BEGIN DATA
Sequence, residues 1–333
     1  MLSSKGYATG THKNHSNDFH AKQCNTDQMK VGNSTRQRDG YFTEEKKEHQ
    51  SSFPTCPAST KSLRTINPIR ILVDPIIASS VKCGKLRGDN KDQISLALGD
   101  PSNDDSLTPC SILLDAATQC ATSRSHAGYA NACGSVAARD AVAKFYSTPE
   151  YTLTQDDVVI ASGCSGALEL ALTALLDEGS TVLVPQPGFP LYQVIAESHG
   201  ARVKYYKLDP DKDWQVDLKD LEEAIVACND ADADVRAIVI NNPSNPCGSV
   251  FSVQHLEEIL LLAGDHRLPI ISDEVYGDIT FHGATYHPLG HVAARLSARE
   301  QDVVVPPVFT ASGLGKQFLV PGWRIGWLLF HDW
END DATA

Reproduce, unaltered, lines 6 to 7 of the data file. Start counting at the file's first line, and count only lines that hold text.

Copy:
   201  ARVKYYKLDP DKDWQVDLKD LEEAIVACND ADADVRAIVI NNPSNPCGSV
   251  FSVQHLEEIL LLAGDHRLPI ISDEVYGDIT FHGATYHPLG HVAARLSARE